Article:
The AtomHacks Committee is made up of fifteen students divided into three departments: Programming, Design, and Outreach. Under the guidance of co-presidents Kathryn Le ’22 and Skye Lam ’22 as well as advisor and Physical Science teacher Ms. Marieke Thomas, the three departments work cohesively to produce an all-day hack event.

The role of each department corresponds with exactly what you might think. Design is responsible for producing promotional material, like social media posts, videos, and posters, and “swag,” like t-shirts and stickers for participants. Outreach is responsible for promoting the hackathon to students and sponsors. Programming is responsible for coding the AtomHacks website and serving as mentors during the hackathon itself.

Although they each have their own designated roles, the duties of each department often overlap. To advertise, for example, Outreach relies on the graphics produced by Design and the website produced by Programming. As co-presidents of the committee, Le & Lam’s main jobs are to keep these departments accountable in their work and help ease the communication between the branches of the committee.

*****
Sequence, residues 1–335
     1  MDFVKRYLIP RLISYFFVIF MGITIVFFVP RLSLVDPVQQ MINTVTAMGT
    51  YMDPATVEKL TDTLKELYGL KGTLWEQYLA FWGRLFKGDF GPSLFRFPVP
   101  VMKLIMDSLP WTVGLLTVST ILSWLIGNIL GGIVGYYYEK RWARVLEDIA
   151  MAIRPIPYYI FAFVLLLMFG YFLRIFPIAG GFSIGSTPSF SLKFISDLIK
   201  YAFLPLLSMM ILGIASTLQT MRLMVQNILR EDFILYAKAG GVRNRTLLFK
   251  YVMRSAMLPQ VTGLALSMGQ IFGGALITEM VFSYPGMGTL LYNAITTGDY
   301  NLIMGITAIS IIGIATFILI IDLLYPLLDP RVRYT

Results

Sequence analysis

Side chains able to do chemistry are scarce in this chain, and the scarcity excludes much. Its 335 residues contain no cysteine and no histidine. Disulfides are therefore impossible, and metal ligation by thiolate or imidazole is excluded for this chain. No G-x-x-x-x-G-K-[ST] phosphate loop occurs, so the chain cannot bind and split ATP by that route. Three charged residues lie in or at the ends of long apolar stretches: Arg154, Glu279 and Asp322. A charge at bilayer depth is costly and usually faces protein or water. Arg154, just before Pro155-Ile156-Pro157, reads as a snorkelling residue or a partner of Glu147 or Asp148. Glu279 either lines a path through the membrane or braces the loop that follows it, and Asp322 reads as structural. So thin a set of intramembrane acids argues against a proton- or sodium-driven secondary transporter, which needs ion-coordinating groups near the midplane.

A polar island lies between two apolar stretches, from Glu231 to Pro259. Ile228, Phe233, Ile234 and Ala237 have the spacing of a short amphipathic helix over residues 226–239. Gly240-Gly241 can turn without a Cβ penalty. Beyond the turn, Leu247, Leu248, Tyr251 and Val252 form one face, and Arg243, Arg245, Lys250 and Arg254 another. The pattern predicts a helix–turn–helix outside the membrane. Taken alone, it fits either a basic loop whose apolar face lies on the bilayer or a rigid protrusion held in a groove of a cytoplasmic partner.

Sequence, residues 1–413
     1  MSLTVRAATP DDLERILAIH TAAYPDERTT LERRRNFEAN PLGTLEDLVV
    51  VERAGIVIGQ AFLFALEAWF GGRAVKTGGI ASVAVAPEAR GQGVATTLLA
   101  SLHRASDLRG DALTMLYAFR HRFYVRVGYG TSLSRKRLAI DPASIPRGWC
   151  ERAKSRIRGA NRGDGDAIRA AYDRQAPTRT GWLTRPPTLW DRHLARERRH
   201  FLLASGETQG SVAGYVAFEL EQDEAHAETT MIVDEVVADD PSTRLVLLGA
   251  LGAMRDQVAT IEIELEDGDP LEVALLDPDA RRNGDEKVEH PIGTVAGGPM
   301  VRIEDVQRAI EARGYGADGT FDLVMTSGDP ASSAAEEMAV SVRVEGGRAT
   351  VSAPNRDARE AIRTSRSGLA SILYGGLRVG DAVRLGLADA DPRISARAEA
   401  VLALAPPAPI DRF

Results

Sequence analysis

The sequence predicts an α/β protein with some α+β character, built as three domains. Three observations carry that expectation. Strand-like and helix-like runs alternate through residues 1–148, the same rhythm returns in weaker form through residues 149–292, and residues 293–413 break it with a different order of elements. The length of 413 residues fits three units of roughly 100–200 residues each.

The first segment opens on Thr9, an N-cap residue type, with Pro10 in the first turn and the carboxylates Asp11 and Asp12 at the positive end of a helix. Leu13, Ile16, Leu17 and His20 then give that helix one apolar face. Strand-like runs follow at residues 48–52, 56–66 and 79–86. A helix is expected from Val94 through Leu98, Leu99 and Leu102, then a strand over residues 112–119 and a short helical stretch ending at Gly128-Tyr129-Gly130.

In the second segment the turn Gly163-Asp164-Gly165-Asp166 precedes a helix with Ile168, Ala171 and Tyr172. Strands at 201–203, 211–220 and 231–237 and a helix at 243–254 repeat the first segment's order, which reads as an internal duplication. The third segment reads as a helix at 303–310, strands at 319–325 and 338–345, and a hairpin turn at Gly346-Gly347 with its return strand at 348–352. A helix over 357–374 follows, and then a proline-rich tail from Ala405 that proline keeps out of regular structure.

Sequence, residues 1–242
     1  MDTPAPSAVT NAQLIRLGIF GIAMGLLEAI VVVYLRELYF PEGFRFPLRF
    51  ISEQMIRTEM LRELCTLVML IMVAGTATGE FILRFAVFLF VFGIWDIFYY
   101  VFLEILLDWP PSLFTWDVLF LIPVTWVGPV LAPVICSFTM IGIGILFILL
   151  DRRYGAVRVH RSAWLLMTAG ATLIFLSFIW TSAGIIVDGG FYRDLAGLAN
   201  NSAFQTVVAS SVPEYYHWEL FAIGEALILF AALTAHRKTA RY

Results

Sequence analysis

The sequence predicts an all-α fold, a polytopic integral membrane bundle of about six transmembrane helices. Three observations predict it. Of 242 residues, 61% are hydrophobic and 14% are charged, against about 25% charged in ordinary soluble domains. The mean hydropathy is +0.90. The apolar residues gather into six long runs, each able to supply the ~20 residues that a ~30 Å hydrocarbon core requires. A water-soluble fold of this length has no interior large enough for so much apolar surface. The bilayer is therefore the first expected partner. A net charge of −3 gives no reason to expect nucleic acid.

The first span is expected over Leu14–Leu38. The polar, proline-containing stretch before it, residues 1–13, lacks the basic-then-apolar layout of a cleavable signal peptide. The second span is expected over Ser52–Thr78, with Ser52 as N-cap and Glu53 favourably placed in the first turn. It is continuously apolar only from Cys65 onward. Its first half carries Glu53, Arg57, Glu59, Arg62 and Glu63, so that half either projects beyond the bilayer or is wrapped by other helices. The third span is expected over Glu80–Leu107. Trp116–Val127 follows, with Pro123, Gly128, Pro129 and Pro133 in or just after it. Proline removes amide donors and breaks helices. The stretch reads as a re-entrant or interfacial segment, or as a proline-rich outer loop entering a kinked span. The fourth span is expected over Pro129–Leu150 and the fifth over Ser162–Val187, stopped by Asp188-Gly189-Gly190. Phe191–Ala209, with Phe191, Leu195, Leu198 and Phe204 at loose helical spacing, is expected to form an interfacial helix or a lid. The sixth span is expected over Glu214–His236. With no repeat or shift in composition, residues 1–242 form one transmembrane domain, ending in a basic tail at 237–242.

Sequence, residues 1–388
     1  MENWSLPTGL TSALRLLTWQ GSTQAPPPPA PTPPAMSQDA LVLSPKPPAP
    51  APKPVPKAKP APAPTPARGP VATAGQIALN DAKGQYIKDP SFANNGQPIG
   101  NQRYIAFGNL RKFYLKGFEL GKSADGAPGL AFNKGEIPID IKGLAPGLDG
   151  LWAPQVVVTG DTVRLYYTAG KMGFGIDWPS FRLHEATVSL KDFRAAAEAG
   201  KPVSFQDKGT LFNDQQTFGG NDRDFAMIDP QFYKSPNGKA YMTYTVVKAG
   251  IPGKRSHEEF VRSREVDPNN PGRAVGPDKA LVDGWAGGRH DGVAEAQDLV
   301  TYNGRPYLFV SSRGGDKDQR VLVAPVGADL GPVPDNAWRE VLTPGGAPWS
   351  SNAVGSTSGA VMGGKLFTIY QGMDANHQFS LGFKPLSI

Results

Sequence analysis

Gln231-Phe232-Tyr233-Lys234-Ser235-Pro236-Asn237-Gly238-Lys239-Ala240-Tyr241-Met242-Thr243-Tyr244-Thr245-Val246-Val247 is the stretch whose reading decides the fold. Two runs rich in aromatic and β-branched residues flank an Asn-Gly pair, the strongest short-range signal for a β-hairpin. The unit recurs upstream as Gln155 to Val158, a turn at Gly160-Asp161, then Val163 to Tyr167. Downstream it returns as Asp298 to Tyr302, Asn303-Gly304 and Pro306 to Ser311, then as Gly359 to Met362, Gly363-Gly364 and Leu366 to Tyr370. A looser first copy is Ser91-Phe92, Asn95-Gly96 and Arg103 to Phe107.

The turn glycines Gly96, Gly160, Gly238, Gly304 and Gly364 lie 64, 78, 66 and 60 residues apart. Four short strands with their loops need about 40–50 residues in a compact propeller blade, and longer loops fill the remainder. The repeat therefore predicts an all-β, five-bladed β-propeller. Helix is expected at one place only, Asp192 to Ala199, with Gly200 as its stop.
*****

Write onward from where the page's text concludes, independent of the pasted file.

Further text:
From October to March, the AtomHacks Committee works tirelessly both remotely and in-person to create a themed, twelve-hour hackathon. “I feel like the components of a hackathon are pretty simple and easy to envision getting done quickly, but it actually takes a lot of time for us to make a hackathon,” said Le.

Since these events require the help of many people, communication is key. As a committee, AtomHacks reaches out to many people each week to coordinate logistics like building permits, sponsorship deals, workshops, food services, and more. With the help of the Alumni Foundation, the school administration, and sponsors, the committee is able to focus on what matters most: a fun, engaging experience for those involved in the hackathon.